When you’re at the gym, it’s no surprise to see most of your fellow fitness enthusiasts rocking a pair of headphones hooked up to an mp3 player or smartphone. In fact, it’s more of an anomaly to see someone working out without some music.

Why has music become such an integral part of our workouts? Is this just another fitness trend or does listening to your favorite mix improve your workouts? Could it even be hindering you?

You might be surprised by the answers. Here’s everything you need to know about how your workout playlist affects your fitness.

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Tempo

The tempo of your workouts can have a significant impact on the overall effectiveness of your training program. When you listen to music while you’re working out, your body will sync your movements to the underlying rhythm of the music, which results in a more even pace.

According to a study published in the Sports Medicine-Open Journal, participants who worked out with music specially selected for the correct tempo of their workouts managed their pace better and increased their overall workout time by 261 minutes per week over those who didn’t listen to music. That’s almost four and half more hours of workouts per week they could complete, simply by choosing the right music to pace the workout.

Distraction

Another way music can help you increase the intensity of your workouts is through distraction. A study done by the Scandinavian Journal of Science and Medicine in Sports found when participants were listening to a fast-paced playlist they enjoyed, they unconsciously increased their workout intensity by more than two percent.

Researchers concluded the music provided a distraction, allowing the study participants to ignore pain and fatigue to keep working out longer than those who didn’t listen to music. Music also makes you less focused on your exertion because it distracts your brain, which can contribute to your ability to work out longer and harder when listening to music.

How To Choose Your Playlist

When putting together your workout playlist, you might be tempted to create an extensive list of the most high-energy songs you can find. A playlist like that could potentially backfire, though, and cause you to burn out from overstimulation.

To maximize your workouts, start by choosing songs you enjoy and then match them to the tempo and rhythm of your planned workout. Your playlist for a six-mile run should be different than your playlist for your strength training workout.

One way to choose the right music for each workout is to consider the beats per minute of each song. A rate of 120 BPM is a reasonable baseline beat for most people. Based on the type of workout you’re doing, you should choose music in the range of 121 to 180 BPM. The optimal BPM for each workout will vary, depending on the type and length of activity and the intensity level you want to achieve.

Where To Find Music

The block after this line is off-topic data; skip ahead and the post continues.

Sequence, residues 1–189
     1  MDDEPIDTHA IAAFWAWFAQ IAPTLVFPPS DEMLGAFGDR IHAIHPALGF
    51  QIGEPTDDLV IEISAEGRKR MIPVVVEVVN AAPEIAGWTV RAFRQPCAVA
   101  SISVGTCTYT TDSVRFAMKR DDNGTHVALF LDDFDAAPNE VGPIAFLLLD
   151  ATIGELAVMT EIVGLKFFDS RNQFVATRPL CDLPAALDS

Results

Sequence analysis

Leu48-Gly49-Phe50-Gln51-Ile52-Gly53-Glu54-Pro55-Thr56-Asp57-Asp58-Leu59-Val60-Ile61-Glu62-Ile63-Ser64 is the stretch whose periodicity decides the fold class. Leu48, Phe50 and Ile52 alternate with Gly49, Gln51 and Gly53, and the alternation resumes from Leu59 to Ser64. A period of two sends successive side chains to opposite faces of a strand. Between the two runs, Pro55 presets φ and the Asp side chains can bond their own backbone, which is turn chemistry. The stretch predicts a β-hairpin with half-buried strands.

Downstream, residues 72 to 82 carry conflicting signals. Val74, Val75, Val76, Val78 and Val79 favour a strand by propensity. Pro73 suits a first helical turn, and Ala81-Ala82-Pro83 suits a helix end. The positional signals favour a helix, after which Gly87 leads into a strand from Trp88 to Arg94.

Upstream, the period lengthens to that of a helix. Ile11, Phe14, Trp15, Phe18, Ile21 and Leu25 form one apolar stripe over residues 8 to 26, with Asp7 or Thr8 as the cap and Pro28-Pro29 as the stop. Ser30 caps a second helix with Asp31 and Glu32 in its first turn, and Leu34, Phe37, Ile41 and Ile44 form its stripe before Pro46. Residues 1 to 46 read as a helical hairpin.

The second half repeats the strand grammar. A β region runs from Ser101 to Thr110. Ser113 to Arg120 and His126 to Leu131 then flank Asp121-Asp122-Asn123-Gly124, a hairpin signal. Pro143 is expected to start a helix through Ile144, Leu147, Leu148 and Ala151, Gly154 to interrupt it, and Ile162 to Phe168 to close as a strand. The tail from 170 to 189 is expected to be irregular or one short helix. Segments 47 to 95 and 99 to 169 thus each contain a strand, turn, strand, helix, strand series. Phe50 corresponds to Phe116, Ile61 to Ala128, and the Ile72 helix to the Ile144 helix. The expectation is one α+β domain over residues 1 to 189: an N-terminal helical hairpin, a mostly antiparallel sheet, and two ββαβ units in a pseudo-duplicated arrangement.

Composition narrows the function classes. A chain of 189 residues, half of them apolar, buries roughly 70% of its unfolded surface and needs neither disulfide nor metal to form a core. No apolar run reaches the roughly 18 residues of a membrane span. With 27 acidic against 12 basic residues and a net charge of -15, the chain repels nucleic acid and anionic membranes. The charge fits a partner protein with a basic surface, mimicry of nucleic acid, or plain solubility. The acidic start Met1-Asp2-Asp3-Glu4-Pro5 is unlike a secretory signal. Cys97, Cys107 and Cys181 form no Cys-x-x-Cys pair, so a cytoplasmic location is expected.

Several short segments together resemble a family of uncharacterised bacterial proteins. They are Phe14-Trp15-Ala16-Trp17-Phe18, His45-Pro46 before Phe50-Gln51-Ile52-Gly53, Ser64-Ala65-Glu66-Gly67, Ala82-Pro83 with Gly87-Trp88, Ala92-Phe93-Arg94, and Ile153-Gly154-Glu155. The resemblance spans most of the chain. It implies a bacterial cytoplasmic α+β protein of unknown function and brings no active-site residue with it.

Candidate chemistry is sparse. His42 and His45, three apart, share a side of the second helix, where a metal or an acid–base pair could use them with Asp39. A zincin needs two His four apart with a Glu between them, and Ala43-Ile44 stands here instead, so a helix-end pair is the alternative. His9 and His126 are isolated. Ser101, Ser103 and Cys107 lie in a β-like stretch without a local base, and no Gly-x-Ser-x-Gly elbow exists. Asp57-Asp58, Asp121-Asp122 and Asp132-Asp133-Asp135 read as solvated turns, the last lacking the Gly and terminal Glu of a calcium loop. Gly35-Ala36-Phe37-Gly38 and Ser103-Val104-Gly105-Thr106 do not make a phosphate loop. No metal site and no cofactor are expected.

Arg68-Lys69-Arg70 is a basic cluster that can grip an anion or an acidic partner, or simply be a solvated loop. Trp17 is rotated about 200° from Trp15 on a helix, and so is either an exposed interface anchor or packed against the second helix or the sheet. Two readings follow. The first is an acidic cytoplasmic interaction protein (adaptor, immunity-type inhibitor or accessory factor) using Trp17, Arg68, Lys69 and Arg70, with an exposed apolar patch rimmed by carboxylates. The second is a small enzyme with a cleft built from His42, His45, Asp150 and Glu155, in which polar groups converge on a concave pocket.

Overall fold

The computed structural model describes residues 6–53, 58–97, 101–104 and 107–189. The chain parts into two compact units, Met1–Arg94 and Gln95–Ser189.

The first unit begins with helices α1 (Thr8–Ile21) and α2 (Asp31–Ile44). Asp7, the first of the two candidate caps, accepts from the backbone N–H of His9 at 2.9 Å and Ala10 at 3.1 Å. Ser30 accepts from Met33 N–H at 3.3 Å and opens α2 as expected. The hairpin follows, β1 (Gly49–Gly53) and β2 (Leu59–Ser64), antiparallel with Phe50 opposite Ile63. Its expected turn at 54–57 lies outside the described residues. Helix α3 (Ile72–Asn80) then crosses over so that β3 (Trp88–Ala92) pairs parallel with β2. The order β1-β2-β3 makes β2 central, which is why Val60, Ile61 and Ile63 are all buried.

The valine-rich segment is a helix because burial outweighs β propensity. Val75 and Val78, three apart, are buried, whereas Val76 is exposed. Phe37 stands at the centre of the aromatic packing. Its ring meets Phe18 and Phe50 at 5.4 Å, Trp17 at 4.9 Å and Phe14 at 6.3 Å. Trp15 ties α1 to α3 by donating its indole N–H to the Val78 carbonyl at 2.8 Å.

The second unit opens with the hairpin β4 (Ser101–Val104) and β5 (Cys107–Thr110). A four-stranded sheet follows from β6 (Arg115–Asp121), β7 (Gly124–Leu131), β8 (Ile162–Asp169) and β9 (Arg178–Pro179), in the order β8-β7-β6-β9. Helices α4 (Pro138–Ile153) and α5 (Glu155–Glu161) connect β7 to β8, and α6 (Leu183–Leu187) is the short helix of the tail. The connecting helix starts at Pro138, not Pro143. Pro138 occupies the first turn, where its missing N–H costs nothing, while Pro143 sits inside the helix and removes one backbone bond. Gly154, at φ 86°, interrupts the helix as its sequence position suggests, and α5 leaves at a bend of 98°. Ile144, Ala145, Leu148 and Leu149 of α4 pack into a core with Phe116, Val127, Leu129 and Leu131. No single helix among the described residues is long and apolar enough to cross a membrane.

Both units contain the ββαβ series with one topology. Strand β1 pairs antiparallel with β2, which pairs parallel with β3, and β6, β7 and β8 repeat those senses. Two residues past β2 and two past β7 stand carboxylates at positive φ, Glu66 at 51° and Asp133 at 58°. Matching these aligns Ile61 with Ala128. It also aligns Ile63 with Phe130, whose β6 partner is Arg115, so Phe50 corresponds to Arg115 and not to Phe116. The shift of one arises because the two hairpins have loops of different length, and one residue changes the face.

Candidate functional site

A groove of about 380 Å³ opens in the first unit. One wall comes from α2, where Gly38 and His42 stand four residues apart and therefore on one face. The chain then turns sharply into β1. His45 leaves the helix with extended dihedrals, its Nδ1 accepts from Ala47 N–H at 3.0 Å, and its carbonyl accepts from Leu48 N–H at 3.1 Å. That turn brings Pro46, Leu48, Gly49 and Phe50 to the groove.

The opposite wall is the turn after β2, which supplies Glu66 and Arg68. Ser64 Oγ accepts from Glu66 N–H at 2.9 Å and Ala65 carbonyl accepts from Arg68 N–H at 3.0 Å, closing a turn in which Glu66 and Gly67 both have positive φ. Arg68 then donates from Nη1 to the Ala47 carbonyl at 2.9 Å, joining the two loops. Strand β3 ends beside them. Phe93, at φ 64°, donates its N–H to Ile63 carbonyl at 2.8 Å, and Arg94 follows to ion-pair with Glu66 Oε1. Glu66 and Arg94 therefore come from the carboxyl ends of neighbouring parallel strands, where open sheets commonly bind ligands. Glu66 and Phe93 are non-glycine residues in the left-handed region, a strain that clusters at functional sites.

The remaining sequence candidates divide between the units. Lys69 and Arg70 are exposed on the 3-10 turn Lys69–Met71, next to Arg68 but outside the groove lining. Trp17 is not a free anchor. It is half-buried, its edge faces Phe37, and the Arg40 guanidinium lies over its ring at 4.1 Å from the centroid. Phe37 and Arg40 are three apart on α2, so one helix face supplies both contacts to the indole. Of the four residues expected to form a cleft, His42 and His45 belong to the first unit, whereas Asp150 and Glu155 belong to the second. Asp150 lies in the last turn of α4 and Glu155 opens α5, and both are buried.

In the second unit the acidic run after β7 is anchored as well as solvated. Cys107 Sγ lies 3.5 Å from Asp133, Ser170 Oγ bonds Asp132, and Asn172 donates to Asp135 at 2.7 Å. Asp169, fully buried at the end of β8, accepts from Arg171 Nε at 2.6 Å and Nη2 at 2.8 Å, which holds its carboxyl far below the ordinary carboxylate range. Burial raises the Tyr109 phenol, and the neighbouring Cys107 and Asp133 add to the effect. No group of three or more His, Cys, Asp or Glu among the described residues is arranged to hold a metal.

A music service such as Spotify is a great place to create and save playlists for all your different workouts. There is a huge variety of choices, and Spotify will even suggest new music to match your tastes. Plus, you can access it on any of your devices. Using a music streaming service also means you never have to worry about a computer malfunction wiping out your music library.

Unfortunately, some of your favorite tunes might not be easily available, due to location-based content restrictions. Using a Virtual Private Network is an easy way to avoid those content blocks and be sure you can always workout with your favorite playlists.

Songs To Get You Started

Still not sure what you want to put on your workout playlist? Here are a few songs to get you started.

  1. “Born to Run” by Bruce Springsteen

In addition to being the anthem for runners everywhere, this song has a BPM of 143, which makes it great for a longer, steadily paced workout.

  1. “All I Do Is Win” by DJ Khaled

This song comes in at 150 BPM. Try putting it after the midpoint of your workout to give yourself a little boost in the home stretch

  1. “Fight Song” by Rachel Platten

With a BPM of 176, this song will inspire you with both its motivational lyrics and its upbeat tempo.

  1. “Can’t Hold Us” by Macklemore

The lyrics to this song remind you that with a little effort, you can do anything. It has a BPM of 146, so it’s perfect for keeping up your intensity during a longer workout.

  1. “Work” by Iggy Azalea

At 140 BPM, this song is another great choice for a long workout. Plus, the lyrics will pump you up for a hard workout.

  1. “Harlem Shake” by Baauer

Though it’s light on lyrics, this song makes you want to move. With a BPM of 138, you can add it anywhere in your workout.

  1. “Fighter” by Christina Aguilera

If you need a high-intensity kick in your workout, this song is perfect. It’s got a BPM of 189 and is guaranteed to raise your heart rate.

  1. “Times Like These” by Foo Fighters

This song has a BPM of 148 and helps you channel all your feelings and frustrations into energy for your workout.

  1. “Back in Black” by AC/DC

This classic is a blast from the past. At a BPM of 188, this song will ramp up your intensity to the max.

Check out these songs to figure out what BPM range works best for you and your workout style. You can also use SongBPM.com to find the BPM of your current favorite songs.

Listening to music not only helps the time go by more quickly during your workout; it can also help you achieve measurably better results from your time spent in the gym. Now, put in your earbuds, crank up your music and “Work It.”

 

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